Kids Living With No Heat at Homeless Shelter in Freezing Weather, As DC Homelessness Spirals Out of Control
February 3, 2014 |
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Washington DC's Department of Human Services has a really big problem. The city's population of homeless families has skyrocketed this winter, filling up every one of the 285 shelter rooms at the former DC General Hospital and forcing officials to place hundreds of families in hotels around the city and in Maryland.
"It sounds bad, but it's worse than it sounds," David Berns, director of the Department of Human Services, said at a hearing held Monday, testifying that the city expected to provide shelter for 509 newly homeless families all winter; that number has already shot up to over 700, and is expected to top 1,000 before April, said Berns.
At this deeply inopportune time, two counties in Maryland—perhaps mindful of upcoming tourist season—are demanding that the city remove homeless families from their hotels, where DC has been paying to put them up. The city has reached an agreement with the counties of Prince George and Montgomery to relocate the homeless families taking up residence in their hotels. One hundred and ten homeless families have to be out as soon as space opens in DC, the Washington Post reported. The city has committed to moving the others by spring, the Post added.
They will likely be funneled into emergency shelters recently set up by the city in recreation centers as a short-term solution to the increase in homelessness—the kind of emergency shelter used when a flood or hurricane wipes out a town. The shelters lack partitions, according to Stern's testimony, but so far that's not such a big problem, since only nine families came to that shelter the first night it was opened, and no families were staying there as of Sunday night. But that might change when hundreds of families who previously stayed in motels are forced out and have no other option.
DC Council member Jim Graham (D-Ward 1), who called the Monday hearing, wondered why the Maryland counties are demanding the measure and why the city agreed to their demands.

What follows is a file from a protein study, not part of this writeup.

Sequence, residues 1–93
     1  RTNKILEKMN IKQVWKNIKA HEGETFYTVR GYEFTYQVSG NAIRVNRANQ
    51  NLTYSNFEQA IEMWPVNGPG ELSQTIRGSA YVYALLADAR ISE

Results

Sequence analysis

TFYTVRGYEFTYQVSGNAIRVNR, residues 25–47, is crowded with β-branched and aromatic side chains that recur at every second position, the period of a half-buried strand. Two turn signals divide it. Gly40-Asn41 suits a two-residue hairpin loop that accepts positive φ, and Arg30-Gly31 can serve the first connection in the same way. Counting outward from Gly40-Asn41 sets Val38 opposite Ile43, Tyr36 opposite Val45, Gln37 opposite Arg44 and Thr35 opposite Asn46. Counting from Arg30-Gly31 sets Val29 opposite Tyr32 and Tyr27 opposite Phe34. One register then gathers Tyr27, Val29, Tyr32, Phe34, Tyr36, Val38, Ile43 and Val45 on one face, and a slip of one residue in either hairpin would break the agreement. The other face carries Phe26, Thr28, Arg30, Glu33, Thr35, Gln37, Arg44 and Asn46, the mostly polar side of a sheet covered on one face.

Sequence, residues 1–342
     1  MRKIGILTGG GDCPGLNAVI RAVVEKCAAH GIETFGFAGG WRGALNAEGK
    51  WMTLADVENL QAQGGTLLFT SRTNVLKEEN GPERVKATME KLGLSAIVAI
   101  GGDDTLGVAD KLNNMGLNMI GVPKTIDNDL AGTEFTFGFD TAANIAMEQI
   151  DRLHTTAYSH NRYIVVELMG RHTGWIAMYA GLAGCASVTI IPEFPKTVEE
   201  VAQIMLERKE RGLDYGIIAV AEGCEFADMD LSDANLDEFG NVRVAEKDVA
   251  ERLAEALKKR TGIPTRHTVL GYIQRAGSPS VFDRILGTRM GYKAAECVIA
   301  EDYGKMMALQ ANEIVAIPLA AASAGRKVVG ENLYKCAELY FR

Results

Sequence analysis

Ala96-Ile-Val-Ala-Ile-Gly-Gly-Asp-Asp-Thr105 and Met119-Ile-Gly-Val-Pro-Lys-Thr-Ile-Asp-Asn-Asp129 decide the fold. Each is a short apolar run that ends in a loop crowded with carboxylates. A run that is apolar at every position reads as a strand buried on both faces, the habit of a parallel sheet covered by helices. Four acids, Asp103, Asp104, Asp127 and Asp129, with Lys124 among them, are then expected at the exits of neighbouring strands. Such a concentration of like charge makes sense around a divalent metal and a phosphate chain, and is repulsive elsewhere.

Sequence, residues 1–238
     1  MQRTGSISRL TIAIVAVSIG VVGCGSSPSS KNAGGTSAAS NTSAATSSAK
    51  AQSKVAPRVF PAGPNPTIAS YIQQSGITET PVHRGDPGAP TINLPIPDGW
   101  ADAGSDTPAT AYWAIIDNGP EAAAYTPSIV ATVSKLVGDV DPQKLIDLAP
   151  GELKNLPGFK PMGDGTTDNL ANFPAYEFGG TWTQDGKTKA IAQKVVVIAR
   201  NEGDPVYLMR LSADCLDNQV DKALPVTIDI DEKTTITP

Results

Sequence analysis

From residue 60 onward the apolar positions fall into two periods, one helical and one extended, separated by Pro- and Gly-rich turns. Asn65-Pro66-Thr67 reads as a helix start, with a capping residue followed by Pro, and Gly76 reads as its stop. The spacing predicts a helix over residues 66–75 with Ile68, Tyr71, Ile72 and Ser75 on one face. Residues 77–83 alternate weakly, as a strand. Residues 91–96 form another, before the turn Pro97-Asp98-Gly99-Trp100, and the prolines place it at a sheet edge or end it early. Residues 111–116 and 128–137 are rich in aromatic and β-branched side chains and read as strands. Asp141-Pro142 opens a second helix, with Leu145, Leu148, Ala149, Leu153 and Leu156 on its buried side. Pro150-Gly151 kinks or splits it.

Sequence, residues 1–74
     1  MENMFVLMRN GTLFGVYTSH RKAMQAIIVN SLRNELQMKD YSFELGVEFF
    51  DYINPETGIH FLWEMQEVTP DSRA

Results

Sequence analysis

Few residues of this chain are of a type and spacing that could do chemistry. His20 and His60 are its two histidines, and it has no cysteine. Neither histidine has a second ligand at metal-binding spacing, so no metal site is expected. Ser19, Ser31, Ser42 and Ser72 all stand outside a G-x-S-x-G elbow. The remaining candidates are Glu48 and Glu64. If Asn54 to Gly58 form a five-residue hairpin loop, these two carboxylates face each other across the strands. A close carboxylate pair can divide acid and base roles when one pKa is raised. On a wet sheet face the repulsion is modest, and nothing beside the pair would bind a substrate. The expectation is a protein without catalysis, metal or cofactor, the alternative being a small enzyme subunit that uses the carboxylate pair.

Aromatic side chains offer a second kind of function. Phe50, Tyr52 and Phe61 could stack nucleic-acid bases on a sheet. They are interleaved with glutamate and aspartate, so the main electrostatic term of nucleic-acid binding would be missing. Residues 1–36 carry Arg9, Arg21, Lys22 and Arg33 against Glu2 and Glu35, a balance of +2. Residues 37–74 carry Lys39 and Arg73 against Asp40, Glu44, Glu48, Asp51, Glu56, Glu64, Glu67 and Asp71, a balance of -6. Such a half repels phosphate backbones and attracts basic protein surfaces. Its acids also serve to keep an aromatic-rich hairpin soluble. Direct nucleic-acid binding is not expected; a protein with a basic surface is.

"I'm missing something," Graham said. "I assume we're paying for these rooms in American dollars. Families would probably rather live in a hotel room in Maryland than a rec center in DC."
A motel also sounds better than DC General, whose residents testified Monday about the harsh conditions endured by their families. The District is required by law to shelter the homeless on nights the temperature drops below freezing. Oddly, that mandate has not extended to providing families at DC General with heat or hot water, according to residents' testimony.
"There's never hot water, or warm water... there's icicles in the water," said Dondai Blount. "How can you bathe your children in water that temperature and then go out in 14 degree weather? When you complain about heat, they say there's nothing you can do."
Other residents confirmed the shelters' unreliable heating system. "We've had no heat, on and off for a month. Sometimes some heat on one side of the building, then you might have none. On one floor there might be heat, on another there might not be," another woman said.
Michele Williams, chief of systems integration for the nonprofit Community Partnership for the Prevention of Homelessness, said that only the common areas lacked heat and residents were equipped with individual heaters in their room. But residents disputed her testimony, saying that the heating devices blew in cold air and that they had to ask for individual space heaters.
Another resident testified that the cafeteria offered a view of a giant mountain of dirty diapers. He claimed it had been there for a year.
"I do not have to be a scientist to know this is a major breeding ground for diseases," he said. "It's unacceptable for these families to be kept in those hazardous conditions."
Officials blame the shocking rise in family homelessness on a variety of factors, including problems they've faced moving families into permanent housing and the drop in affordable housing units, the Washington Post reported. The District's housing program, Rapid Re-Housing, which helps subsidize rent for a minimum of four months or up to two years is not popular with landlords, who do not like short-term leases, the Post reports. Getting rid of affordable housing in the city and building condos has not helped matters either, according to advocates interviewed by the Post.
“The numbers are going in the wrong direction,” Berns told the Post. “The inability to get people out of shelter has been predominantly driven by their inability to find affordable, appropriate apartments.”